This concert also includes a piece arranged by Robert Russell Bennett (“Gershwin’s Porgy and Bess: A Symphonic Picture”) and Aaron Copland’s “Symphonic Ode”, which don’t interest me.

However, Kurt Weill’s Violin Concerto (1924) is a revelation and a joy. “I am working on a concerto for violin and wind orchestra that I hope to finish within two or three weeks,” Weill wrote of this composition. “The work is inspired by the idea—one never carried out before—of juxtaposing a single violin with a chorus of winds.” The accompaniment includes percussion and string basses, in addition to woodwinds and brass. Below is Weill’s concerto played by the LSO.


UPDATE The entire program has been changed. Go to my more recent posting to see what’s new.


John Wilson at the Sage 2011Above this 2011 picture of John at The Sage I’m using instead of his hairy 2020 one, which works better in that later posting: Weill’s concerto played by the LSO with Hermann Scherchen conducting


Except for my At the End of the Year postings, this will be the last original one concerning my beloved John Wilson until 2021. Those of you who know exactly where we reside in the US will understand when I say there’s been a lot of scary racial conflict going on here, which has now escalated to a degree that I now worry not only for own my safety, but for Mister Grumble’s (who as you might know is 74 and blind). So I may have my hands full for awhile. (Anyone who cares to, message me on FB and I’ll tell you all about it.)


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Rouben Mamoulian’s Golden Boy (Columbia, 1939) and the Look of Love for My Darling John Wilson, Conductor

Barbara Stanwyck was 32 and a box-office star when Paramount contract player William Holden, 21, was personally cast by director Rouben Mamoulian as the lead in his film based on Clifford Odets’s Broadway melodrama of art vs fleeting fame and riches, Golden Boy. Holden was nervous, awkward, and about to be replaced when something about the young player touched Stanwyck’s heart. She took him in hand, coached him personally and kept him from distractions (like studio publicity)…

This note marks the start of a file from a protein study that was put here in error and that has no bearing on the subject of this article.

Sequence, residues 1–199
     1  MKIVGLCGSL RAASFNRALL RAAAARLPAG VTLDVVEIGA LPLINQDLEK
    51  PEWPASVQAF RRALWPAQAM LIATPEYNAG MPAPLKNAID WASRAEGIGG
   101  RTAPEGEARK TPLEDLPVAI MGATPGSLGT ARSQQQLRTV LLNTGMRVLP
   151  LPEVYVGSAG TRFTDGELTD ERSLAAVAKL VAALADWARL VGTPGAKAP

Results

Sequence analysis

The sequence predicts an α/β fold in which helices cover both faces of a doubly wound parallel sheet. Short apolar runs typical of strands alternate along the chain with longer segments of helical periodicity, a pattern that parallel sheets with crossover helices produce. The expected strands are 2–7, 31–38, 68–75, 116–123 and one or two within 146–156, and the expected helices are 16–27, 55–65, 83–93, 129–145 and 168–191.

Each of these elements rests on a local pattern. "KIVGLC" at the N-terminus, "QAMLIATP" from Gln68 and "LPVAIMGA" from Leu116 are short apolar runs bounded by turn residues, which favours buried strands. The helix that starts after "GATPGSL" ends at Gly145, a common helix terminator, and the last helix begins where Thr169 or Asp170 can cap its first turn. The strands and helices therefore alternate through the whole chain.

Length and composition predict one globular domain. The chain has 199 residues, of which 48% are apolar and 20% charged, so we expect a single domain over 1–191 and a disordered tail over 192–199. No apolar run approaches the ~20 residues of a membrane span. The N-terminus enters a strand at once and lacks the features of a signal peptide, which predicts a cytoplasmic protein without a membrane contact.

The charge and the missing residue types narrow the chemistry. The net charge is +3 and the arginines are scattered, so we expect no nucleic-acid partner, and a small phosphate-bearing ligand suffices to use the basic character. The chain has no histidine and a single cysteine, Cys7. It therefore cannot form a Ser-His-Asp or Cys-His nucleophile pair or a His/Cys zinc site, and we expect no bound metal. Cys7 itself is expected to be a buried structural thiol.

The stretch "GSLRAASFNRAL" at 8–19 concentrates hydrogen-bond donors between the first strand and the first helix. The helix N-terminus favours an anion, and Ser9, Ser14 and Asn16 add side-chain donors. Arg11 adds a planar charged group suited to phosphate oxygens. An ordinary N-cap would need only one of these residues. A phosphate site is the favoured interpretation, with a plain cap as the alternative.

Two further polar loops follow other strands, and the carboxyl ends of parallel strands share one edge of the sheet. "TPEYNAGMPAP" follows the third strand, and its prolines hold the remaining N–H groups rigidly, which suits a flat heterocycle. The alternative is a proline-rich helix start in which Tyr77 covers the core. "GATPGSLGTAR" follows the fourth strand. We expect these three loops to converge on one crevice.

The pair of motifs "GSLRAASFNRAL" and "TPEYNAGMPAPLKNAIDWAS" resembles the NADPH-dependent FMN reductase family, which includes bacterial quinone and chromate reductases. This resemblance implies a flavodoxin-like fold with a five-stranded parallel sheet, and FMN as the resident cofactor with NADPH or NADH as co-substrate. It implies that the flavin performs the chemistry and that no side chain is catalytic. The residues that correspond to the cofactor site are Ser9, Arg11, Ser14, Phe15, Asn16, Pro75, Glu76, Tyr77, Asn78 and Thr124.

Thity-nine years later, at the Oscars Holden had this to say to the world:

Holden, Stanwyck (Golden Boy, 1939)Above Holden and Stanwyck: There are only a few genuine moments in the history of the televised Academy Awards. This is one of them.


The entire film Golden Boy is available on my YT Channel here



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A Quick Shout-Out to #JohnWilsonConductor Regarding St Crispin’s Day, 2020

This past Daylight Savings (UK) weekend there was a sizeable rise in the number of visits to my blog, “I’ll Be Dead Before You Break My Heart”, and I attribute this directly to the kindness of some person/s in letting my beloved John Wilson know about that perfect screenshot of him at the Royal Academy of Music. Visitor #1 from the UK was particularly intriguing. Visitor #1 may have started clicking on my postings as early as Friday night, and was almost certainly the same person who came back for more the next night, Saturday, returning for three more hours on Sunday morning. What was most gratifying is that Visitor #1 actually seems to have taken the time to read my postings, especially my more thoughtful ones, the ones where I talk about John and his work in the Classical Repertoire. (Visitor #1 almost certainly was the one who also downloaded my memoir of the nutty Gyllenhaals, which was doubly gratifying.) Whether or not Visitor #1 is the #1 Reader I’ve yearned to capture for 2 1/2 years, I’m stoked, and I intend to go on writing, and writing better, for John’s sake—but also for The Old Man, Mamoulian’s sake, who once told me, “Love with style, but also with a little sadness for the suffering involved.“

John Wilson and Rouben Mamoulian


Going Hollywood, Grieving for a Lost Star, “Stereophonic Sound” by Cole Porter, and Two Degrees of Separation from My Beloved English Conductor, John Wilson

It actually would hurt me, John Wilson my beloved, if you ever believed I think of you the way MacFarlane thinks of you—as more or less part of his gig rather than as who you are, which is to say John Wilson. Something I’d like to throttle him for but’ll probably go on watching the pre-2013 Family Guy anyway. Nothing personal against your chum.

John WIlson with MacFarlane

No, I lie, it’s personal.